Botany and Ecology
Botany and Ecology

Botany and Ecology

Our current selection of Botany and Ecology classes and workshops for adults for this season at Coastal Maine Botanical Gardens.

Introduction to Bee Lining

with Erin MacGregor-Forbes
Tuesday, April 25
1 – 4:30 p.m.
at Zak's Preserve

“Bee Lining” or bee hunting is an activity older even than beekeeping, with the first written descriptions of the methods for finding the nest of a wild bee colony written by a Roman farmer in the first century A.D. Bee Lining is a delightful outdoor activity in which the “hunter” finds, temporarily captures, feeds, and then releases individual wild bees and follows them back to their residence. This workshop will introduce participants to the basic bee biology and behaviors which allow us to understand how to effectively track individuals as they “make a bee line” back to their nest. We will begin with an illustrated lecture and overview at the nearby Zak Preserve, and then proceed as a group and conduct a hands-on “hunt” in the preserve. A rain date is set for Thursday, April 27.

Signs of the Seasons

with Esperanza Stancioff and Beth Bisson
Thursday, April 27
9:30 a.m. – 12:30 p.m.

Education Center Coastal Maine Botanical Gardens is once again teaming up with the University of Maine’s Cooperative Extension and Sea Grant to participate in “Signs of the Seasons,” a citizen science program that engages volunteers in observing plant and animal phenology, which is the study of seasonal life events, such as when birds make their nests in the spring, when berries ripen in the summer, and when leaves change color in the autumn. Each participant will choose as many indicator species as they wish, and identify and mark a site(s) where they will observe these species throughout most of the year. For more information about this research program, visit Questions about this volunteer opportunity may be directed to Esperanza Stancioff, Extension Education, at Registration for training sessions is through the Gardens website.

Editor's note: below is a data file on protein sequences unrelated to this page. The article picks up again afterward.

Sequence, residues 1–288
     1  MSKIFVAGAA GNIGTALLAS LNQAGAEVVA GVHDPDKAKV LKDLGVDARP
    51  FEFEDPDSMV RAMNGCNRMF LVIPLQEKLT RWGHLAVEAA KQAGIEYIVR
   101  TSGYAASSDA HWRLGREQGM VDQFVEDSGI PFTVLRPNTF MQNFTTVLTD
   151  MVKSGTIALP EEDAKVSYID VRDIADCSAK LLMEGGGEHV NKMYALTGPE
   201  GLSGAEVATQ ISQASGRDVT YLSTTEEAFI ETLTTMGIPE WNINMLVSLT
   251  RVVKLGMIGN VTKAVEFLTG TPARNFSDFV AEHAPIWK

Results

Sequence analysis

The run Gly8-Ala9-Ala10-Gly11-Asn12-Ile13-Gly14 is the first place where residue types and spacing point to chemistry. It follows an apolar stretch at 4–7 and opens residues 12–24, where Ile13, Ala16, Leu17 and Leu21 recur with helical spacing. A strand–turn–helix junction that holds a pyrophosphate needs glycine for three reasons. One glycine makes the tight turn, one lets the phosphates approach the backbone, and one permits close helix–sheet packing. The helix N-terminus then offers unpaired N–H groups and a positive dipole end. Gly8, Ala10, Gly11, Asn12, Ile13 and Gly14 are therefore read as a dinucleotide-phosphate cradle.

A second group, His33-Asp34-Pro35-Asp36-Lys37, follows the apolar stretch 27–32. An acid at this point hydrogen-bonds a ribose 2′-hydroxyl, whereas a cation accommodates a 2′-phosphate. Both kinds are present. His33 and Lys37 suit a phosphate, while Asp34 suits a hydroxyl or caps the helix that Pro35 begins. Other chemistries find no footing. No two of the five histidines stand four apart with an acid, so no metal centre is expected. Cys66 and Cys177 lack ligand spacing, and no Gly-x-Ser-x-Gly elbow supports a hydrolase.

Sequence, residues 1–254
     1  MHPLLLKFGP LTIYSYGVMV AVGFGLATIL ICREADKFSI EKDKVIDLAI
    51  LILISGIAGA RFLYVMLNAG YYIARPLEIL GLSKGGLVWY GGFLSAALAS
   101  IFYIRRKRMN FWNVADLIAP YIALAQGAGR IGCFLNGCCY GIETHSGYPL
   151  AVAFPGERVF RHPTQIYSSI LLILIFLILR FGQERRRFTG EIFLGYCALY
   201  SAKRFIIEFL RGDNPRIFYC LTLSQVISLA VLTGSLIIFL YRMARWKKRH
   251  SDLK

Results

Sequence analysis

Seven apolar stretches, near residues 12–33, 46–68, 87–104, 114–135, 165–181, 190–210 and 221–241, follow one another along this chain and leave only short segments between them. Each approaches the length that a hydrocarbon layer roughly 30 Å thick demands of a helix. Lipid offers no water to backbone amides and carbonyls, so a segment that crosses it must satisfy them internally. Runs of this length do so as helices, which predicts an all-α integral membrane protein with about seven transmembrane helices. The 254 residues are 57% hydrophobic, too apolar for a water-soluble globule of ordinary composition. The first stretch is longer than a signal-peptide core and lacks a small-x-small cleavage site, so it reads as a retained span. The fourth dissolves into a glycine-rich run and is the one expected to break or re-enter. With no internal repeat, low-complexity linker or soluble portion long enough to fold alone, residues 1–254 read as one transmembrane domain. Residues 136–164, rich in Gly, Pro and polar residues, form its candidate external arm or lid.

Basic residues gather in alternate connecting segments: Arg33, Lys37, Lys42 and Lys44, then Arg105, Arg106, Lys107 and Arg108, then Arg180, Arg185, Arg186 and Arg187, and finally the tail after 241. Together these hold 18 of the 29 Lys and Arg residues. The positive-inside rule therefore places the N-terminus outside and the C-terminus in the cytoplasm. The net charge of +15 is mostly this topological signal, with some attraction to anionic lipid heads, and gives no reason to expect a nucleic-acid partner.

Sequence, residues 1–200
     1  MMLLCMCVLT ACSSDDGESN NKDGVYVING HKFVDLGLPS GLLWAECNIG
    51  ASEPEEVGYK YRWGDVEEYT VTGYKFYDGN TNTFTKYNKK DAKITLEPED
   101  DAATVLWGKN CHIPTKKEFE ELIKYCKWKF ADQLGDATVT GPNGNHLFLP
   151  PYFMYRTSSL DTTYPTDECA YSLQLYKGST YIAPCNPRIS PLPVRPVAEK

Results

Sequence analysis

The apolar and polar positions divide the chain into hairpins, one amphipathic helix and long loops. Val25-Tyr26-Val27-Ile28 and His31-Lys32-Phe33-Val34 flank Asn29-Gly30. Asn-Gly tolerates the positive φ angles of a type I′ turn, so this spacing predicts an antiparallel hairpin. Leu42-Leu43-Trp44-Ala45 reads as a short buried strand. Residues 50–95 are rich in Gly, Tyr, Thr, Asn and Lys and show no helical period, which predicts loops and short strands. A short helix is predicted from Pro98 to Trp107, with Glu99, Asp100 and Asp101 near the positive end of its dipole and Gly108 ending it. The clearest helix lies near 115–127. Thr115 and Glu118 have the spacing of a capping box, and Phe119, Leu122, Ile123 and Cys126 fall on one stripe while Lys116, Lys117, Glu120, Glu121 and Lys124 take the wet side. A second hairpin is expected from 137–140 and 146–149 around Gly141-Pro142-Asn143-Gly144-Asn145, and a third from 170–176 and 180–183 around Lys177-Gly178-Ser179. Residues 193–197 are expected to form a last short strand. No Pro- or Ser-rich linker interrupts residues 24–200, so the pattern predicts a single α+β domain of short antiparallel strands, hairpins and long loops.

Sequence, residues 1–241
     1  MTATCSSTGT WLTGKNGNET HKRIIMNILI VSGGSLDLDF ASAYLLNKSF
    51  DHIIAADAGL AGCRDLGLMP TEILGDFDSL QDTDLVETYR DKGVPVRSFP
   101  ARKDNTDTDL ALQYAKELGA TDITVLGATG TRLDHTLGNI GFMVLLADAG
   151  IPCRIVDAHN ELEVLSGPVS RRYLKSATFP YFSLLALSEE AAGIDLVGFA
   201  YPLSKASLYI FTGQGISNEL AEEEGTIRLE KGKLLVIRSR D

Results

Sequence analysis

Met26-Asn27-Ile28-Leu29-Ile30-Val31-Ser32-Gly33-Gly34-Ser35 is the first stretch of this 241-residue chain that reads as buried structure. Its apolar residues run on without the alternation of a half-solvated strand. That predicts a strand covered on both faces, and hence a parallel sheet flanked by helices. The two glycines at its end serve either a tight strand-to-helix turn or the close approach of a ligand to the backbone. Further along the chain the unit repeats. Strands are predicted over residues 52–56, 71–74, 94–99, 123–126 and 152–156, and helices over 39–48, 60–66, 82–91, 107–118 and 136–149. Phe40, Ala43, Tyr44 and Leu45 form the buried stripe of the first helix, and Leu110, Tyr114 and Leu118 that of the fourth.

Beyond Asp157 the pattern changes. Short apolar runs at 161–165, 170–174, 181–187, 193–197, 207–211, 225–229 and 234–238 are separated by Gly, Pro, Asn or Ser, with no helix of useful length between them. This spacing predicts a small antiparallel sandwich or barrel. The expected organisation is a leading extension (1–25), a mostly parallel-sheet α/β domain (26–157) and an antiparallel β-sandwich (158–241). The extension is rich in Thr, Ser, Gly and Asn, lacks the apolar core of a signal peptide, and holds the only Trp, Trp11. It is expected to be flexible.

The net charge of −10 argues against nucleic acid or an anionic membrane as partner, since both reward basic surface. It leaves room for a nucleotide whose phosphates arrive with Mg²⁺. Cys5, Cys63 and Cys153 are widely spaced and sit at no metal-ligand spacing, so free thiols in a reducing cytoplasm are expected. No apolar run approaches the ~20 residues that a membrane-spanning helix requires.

Birding by Ear

with Bob Duchesne
Saturday, May 13
2 - 5 p.m.

It’s easier than you think. Just six quick tips will demystify how the experts identify birds instantly by their songs. For newcomers, it’s a great chance to learn a new skill. For experienced birders hoping to brush up, it’s a great refresher course. This course will take place out on the Gardens’ grounds and in the classroom, so dress prepared to hit the trails!

Field Identification of Mosses and Liverworts

with Ralph Pope
Wednesday-Friday, June 21-23
10 a.m. – 4 p.m.

Learn to identify mosses (including Sphagnum mosses) and liverworts. Sessions will focus on field and laboratory identification using the various habitats of the Coastal Maine Botanical Gardens as our field site. This course is intended for beginners and intermediates. Some experience with vascular plant identification and the use of keys will be helpful, but is not required. Please bring a hand lens if you have one.

Butterflies, Caterpillars and the Plants That Feed Them

with Andy Brand
Friday, August 11
9:30 a.m. – 12:30 p.m.

There are over 110 species of butterflies that call Maine home. Butterflies not only add color and grace to our gardens, they are also valuable pollinators of many plant species. Join Andy and learn which plants will attract butterflies to your yards along with the host plants on which eggs are laid and caterpillars eat. All things butterflies will be discussed from their remarkable lifecycle as well as how to identify some of the commonly encountered species. Following a slide presentation Andy will lead participants on a leisurely walk through the Garden and highlight plants valuable to butterflies and identify any species flying about.

This class is an elective of our Certificate in Native Plants and Ecological Horticulture program, but it is open to everyone.

Flora of Indiantown Island

with Melissa Cullina
Wednesday, September 6
10 a.m. – 1 p.m.
Co-sponsored with Boothbay Region Land Trust

Explore and “botanize” along the trails and shorelines of Indiantown Island on this excursion with CMBG botanist Melissa Cullina. Melissa will teach you about the plants adapted to life on the island, and will describe how understanding the island’s flora contributes to CMBG’s new collaborative project to document the flora of the Mid-coast region. Please bring a life jacket, hat, and hand lens (if you have one – we will have extras) and pack a lunch. Meet at the Knickerkane Island boat launch on Barter’s Island Road. Boat transportation to island provided by BRLT. Please contact the Boothbay Region Land Trust to register.